Being an advisor who focuses on selling and servicing corporate 401(k) plans is a matter of balance, says David Tyrie of Putnam Investments. “It’s not a seesaw any more–you have to balance at least three different constituents,” he argues: participants; plan sponsors; and the advisors themselves who must be able to make a living from the plans. There must be obvious benefits for each of those constituents, which is why, he says, the Pension Protection Act (PPA) is such a positive development, particularly for workers. Everything behind the PPA “is geared around the participant; it’s made plan sponsors take much more seriously their responsibilities to participants.”
Putnam has about $60 billion in retirement plan assets, serving 1.2 million participants, says Tyrie, and slightly more than 800 401(k) plans, according to the latest Investment Advisor retirement plan partner directory. Tyrie, the director of retirement services at Putnam, discerns many positive trends surrounding retirement planning that will benefit plan participants, and the advisors who are prescient enough to specialize in achieving that balanced approach. That’s because advisors can provide such an important service to plan sponsors, since they can “look at the entire picture–choose the right plan, make sure participants are educated correctly, and that they have the greatest likelihood of achieving a successful retirement.”
While the foundation of the PPA is focused on the participant, Tyrie notes that on the plan sponsor side of the equation, “it’s all about the fear factor–fiduciary and liability–but we know the name of that game: if you’re near the scene of an accident, you’re a fiduciary, guaranteed.”
On the issue of 401(k) fees, which has become a cause celebre in Congress and among many advisors, Tyrie suggests that “two years from now, it won’t have anything to do with the fees, it will all be about value–What are you getting for the fee? How do I say fees are too high or too low if I don’t know what I’m getting for those fees?” So does that mean there will be more transparency when it comes to 401(k) fees? “Absolutely,” Tyrie responds.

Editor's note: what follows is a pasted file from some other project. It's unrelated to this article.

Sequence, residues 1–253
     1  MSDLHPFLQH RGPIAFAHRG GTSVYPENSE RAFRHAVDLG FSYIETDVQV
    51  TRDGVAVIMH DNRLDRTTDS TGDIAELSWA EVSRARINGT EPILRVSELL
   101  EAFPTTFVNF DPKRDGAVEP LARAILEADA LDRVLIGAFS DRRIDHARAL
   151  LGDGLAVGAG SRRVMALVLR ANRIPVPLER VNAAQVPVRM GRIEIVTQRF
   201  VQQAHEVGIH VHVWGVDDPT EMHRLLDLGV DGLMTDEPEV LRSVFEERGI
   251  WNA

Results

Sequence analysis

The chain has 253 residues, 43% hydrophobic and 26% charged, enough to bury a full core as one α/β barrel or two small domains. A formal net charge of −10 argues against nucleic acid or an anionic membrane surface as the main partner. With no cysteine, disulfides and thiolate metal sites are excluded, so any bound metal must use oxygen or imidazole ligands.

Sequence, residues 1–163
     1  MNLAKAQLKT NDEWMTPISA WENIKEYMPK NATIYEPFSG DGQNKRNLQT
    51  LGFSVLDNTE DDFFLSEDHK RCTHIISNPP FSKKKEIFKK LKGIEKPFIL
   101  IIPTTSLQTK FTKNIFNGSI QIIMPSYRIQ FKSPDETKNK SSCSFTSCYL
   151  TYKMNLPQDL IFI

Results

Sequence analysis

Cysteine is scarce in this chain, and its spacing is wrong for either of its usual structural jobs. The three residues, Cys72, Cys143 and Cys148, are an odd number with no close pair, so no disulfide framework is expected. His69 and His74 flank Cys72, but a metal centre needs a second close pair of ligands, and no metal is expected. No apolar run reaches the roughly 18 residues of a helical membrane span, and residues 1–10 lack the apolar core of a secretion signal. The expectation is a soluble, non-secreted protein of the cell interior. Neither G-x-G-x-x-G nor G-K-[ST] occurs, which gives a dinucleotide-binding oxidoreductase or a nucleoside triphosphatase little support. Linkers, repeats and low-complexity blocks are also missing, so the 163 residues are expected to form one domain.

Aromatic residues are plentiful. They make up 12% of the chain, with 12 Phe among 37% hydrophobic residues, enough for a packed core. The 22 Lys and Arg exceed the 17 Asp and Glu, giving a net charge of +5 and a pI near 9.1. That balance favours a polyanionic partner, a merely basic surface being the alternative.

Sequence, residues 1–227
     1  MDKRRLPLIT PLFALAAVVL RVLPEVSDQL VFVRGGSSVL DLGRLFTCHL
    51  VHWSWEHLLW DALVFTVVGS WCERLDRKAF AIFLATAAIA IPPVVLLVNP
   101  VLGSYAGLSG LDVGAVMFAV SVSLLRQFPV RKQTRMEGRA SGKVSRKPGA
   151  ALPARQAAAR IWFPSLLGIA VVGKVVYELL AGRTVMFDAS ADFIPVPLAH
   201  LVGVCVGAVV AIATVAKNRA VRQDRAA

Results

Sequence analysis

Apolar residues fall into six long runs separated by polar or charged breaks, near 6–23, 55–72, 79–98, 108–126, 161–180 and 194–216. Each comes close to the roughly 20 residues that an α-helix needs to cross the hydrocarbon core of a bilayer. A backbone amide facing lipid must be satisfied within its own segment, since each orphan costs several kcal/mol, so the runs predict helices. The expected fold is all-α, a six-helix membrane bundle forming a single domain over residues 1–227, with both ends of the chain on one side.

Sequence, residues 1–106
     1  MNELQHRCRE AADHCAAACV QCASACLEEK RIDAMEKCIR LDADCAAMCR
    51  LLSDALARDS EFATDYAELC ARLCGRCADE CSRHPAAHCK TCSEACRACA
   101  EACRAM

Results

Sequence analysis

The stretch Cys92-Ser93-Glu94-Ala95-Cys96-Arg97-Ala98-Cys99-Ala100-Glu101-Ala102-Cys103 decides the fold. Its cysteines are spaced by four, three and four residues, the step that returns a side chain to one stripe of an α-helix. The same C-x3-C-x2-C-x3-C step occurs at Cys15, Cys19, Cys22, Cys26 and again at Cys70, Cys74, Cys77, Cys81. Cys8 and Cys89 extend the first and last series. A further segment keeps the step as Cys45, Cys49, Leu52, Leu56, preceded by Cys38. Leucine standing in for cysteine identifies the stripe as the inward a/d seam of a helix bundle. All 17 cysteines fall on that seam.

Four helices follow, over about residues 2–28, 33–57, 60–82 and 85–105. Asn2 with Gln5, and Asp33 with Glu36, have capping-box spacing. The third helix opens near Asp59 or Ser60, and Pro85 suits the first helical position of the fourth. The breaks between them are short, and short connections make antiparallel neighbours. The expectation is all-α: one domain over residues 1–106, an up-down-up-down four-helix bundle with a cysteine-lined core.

As one sign of how transparency around fees will change, Tyrie points to the revisions to IRS Form 5500, which retirement plans must file each year. “Under the PPA, by 2008, your 5500 filing will have to actually show all the fees that are being paid to the advisor, and for which services. Nothing’s going to be hidden in the future.”
When it comes to Putnam’s plans to partner with advisors, Tyrie suggests that there is a core group of advisors that the firm will pay special attention to.
“There are 350 advisor teams out there who make their business retirement; these people are experts,” and they’re moving upstream, going after not just the smaller plan–the $1 million to $20 million plan, long the domain of the independent advisor–but bigger plans, those with $20 million to $500 million. To pick up those plans, Tyrie suggests, advisors will need to be proficient in the legal and public policy issues surrounding retirement. That proficiency will become even more important since those fee-based advisors moving upstream will increasingly be competing with the traditional pension plan consultants who are moving into the lucrative higher-end DC plans. He also argues that those advisors will need to work with partners who are willing to customize plans, including open architecture investment options, to meet the needs of larger plan sponsors, using the analogy of a custom-made suit rather than an off-the-rack suit. “Three years ago, the average plan we booked at Putnam was $8 million. The average plan to date this year is $50 million. It’s moving up, pretty quickly.”
As for plan sponsors, Tyrie says the PPA has given them “a better feeling for doing the right thing. You’ve got to make sure they are comfortable with and knowledgeable about their fiduciary responsibilities, which is what? Documentation. That’s it. It’s all about documenting what you’re doing, documenting your decisions, and making sure those decisions are in the interests of participants.”
Should advisors need confirmation of the importance of advice when it comes to retirement security, research conducted by Putnam confirms the link. A 2005 survey of retirees who had returned to working found that those who had used an advisor were 15% more likely to be satisfied with their retirement. Moreover, that same group had 50% more investable assets than working retirees without an advisor.